If you work for a living in George W. Bush's America, you're a sap.
Take a quick look, or a long one, at the tax code as Bush has altered it during his three years as president, and you're compelled to conclude that work has become a distinctly inferior kind of income acquisition in the eyes of the law. Bush tax policy rewards investment and inheritance. Relying on work for your income, by contrast, turns you into a second-class citizen.
In his first round of tax cuts in 2001, Bush got Congress to phase out the estate tax by 2010. Last year, with Republicans in control on Capitol Hill, he reduced the top tax rate on dividends from 39.6 percent to 15 percent, and brought the capital gains tax rate down from 20 percent to 15 percent as well.
This year, his new budget proposes that families be allowed to shield as much as $30,000 yearly on their investment income, which will abolish all remaining taxes on such income. Meanwhile, the income tax cuts to most middle-class families don't exceed a couple of hundred dollars, and payroll taxes for employees remain untouched. In part, this devaluing of work is simply an expression of Bush family values. As Kevin Phillips points out in his new biography of the Bush dynasty, the Bushes don't do anything so vulgar as going into professions. Rather, the clan lives by its connections. For George W. and his brothers, work has meant riffling through Pappy's Rolodex. Theirs is the cronyest form of capitalism.
But a broader theory is at work here, too. It says that investment, rather than labor, powers economic growth, so rewarding investment is merely the most direct way to help the economy. As Ernest S. Christian, a former Treasury official in the Reagan administration, recently told The Post's Jonathan Weisman, the tax reform proposals advanced by the Democratic presidential candidates -- most of which restore some of the taxes on investment and cut the tax rates for work-derived income -- won't do the economy any good. "Tax reform is supposed to mean removing barriers to economic growth," Christian said.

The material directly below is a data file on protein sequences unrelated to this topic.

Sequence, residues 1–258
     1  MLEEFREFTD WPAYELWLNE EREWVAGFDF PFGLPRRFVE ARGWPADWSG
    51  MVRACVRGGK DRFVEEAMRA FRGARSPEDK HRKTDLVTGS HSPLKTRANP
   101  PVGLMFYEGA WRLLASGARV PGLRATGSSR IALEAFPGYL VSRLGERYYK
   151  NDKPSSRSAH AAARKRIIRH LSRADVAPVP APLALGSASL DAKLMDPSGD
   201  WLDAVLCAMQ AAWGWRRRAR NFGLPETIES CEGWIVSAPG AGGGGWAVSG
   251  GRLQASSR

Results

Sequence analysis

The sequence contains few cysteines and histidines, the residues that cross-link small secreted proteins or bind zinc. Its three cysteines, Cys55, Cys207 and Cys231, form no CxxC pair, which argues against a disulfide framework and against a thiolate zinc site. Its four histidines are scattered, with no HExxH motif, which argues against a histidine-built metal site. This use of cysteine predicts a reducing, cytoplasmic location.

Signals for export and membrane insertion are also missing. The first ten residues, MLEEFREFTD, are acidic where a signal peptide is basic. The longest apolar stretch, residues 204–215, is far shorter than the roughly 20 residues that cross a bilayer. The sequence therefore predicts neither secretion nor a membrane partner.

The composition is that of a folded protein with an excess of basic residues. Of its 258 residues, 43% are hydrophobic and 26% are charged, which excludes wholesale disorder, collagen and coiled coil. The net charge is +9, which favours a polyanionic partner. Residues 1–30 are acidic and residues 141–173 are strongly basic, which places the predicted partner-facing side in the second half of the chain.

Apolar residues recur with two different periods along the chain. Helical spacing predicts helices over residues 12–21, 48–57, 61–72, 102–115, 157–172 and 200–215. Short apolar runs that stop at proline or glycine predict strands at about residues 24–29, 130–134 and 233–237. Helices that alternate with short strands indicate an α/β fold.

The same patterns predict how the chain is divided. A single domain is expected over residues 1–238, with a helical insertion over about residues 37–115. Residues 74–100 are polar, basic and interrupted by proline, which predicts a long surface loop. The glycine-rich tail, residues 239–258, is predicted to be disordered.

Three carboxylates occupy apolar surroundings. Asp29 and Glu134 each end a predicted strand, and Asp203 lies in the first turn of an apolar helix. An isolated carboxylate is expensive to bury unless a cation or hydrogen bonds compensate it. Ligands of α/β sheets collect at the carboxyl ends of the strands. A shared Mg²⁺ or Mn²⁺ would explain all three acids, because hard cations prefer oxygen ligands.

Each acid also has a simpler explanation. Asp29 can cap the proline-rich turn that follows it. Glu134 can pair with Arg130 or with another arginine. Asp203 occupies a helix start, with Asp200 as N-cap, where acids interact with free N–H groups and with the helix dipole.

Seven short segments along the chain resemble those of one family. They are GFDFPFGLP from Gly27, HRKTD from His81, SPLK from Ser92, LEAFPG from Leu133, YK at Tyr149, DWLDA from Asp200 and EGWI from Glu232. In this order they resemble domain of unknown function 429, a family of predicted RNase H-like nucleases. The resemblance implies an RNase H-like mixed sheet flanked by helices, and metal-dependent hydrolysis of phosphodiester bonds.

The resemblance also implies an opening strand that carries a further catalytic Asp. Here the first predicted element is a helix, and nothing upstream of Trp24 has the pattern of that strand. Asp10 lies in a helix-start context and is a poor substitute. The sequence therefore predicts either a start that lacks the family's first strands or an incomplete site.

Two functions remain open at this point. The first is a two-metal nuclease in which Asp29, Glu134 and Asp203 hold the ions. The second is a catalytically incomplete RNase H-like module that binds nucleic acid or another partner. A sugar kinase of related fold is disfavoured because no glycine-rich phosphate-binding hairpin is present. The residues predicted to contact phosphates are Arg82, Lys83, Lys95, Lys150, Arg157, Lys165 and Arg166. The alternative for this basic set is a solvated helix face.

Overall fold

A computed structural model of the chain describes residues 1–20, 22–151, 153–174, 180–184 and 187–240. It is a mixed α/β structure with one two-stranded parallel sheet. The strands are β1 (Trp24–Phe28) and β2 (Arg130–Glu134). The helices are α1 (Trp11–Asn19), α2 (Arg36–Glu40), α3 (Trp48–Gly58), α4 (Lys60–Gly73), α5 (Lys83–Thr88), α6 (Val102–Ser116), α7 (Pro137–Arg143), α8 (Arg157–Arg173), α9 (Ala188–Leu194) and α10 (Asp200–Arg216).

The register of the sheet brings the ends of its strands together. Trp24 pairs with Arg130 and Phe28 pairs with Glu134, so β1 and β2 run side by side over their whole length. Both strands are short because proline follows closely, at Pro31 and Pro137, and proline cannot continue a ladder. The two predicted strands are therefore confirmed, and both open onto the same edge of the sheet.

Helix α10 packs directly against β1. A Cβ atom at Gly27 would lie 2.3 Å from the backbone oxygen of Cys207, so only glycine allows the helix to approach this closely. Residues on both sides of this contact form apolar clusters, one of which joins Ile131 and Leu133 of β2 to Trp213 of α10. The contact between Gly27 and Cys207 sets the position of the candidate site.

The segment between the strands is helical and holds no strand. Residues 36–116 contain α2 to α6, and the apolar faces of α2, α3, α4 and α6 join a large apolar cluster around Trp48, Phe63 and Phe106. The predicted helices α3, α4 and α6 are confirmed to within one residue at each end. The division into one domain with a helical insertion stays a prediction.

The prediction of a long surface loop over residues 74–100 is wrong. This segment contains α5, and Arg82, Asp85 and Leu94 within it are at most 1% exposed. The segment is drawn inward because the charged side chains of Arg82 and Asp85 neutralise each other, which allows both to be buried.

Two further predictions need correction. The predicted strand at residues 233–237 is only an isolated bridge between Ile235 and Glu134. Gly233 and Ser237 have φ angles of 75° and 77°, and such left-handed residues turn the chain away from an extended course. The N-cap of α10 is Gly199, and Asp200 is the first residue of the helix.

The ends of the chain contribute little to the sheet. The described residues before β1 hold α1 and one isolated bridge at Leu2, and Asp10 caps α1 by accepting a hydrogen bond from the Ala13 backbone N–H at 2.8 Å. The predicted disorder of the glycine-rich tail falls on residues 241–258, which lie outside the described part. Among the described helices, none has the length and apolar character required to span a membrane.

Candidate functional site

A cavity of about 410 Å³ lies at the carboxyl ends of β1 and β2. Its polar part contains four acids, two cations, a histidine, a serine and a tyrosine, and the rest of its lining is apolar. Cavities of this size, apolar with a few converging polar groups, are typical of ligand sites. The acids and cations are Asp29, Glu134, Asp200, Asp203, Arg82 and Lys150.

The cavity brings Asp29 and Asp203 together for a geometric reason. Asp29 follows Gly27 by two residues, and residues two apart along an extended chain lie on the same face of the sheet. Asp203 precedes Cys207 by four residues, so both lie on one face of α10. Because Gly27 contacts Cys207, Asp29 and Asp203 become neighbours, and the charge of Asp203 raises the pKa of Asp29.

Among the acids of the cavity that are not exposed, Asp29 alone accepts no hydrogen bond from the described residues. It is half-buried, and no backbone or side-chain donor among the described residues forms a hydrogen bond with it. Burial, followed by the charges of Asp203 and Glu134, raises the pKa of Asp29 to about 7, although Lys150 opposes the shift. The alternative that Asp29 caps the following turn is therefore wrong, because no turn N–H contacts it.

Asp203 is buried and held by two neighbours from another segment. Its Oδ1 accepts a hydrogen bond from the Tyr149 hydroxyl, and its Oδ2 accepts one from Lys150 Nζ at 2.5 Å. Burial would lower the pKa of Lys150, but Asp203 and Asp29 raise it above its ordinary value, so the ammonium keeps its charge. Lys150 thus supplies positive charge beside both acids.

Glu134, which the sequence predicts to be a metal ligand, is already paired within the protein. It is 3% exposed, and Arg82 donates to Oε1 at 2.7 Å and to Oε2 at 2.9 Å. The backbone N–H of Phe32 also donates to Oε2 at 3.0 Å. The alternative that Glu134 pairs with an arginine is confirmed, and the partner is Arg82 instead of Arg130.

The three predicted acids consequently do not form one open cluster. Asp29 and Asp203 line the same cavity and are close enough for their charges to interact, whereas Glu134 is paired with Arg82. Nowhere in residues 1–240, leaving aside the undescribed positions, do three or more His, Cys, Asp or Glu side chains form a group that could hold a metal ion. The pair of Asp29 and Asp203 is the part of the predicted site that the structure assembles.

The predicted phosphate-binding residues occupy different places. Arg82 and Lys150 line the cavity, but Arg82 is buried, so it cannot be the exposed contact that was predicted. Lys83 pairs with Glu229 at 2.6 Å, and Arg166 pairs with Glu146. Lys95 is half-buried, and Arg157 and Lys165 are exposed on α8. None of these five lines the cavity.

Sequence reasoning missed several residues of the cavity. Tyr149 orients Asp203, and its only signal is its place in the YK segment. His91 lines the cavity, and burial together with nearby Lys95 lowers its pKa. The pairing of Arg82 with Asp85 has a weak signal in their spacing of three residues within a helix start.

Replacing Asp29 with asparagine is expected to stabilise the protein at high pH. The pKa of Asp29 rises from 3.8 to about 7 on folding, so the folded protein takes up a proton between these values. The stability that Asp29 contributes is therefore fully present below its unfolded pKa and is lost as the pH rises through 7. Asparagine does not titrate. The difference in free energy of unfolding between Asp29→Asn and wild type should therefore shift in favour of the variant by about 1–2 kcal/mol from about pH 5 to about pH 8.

A lovely theory, but if anyone thinks the Bush tax cuts have spurred economic growth, I have a low-tax investment in a bridge to Brooklyn. To be sure, investment income and corporate profits are high. But just 278,000 new jobs have been generated since June, which means the recovery is about 7.5 million jobs shy of the norm for post-World War II recoveries. Bush's Council of Economic Advisers had predicted job growth of 510,000 from the 2003 tax cuts, plus another 1,335,000 new jobs, during the second half of last year.
To say that reality is lagging behind the theory of investment-led growth, then, is to understate. The problem is that to invest today in stocks or mutual funds doesn't mean you're investing in job creation in the United States.
Outsourcing has turned the phrase "investment-led growth" into the grimmest of oxymorons. It means that Bush's tax policy subsidizes job growth in India and China rather than the United States. And in failing to create more employment here at home, the tax cuts have also helped depress wages. Real wages in the United States actually fell 0.7 percent in the fourth quarter of last year.
To all this, the Democratic presidential candidates have proposed a reversal of the Bush tax priorities. John Edwards is the most explicit, calling for an increase in taxes on most forms of investment income while lowering the taxes on employment. Wesley Clark has proposed eliminating income taxes for more than half the households in the United States, and Howard Dean is reportedly mulling over a plan to cut payroll taxes.
All that is good in itself, but doesn't really grapple with the conundrum of job creation in a globalized economy. This afternoon a broad array of unions, environmental groups and Democratic politicos will unveil a proposal to do just that. Treming itself a new Apollo Project, this Teamster-Turtle coalition calls for using tax credits and public investment, totaling $300 billion over a 10-year period, to promote energy independence by investing in clean energy sources and in energy-efficient public and private transportation systems, office buildings, factories and homes. They calculate this will create 3.3 million jobs, which is a good deal more than President Bush's own neo-Apollo Project, sending men to the moon and to Mars, could possibly create (not to mention the benefits to national security that would accrue from reducing our dependence on Middle Eastern oil).
The notion of job creation through public investment rather than private is anathema to conservatives, of course. But the burden of proof is on those on the right to demonstrate how private investment in a global economy creates jobs here at home. And why the hell our tax policy should boost income in Bangalore, not Baltimore.
Harold Meyerson is the Prospect's editor-at-large. This column originally appeared in Wednesday's Washington Post.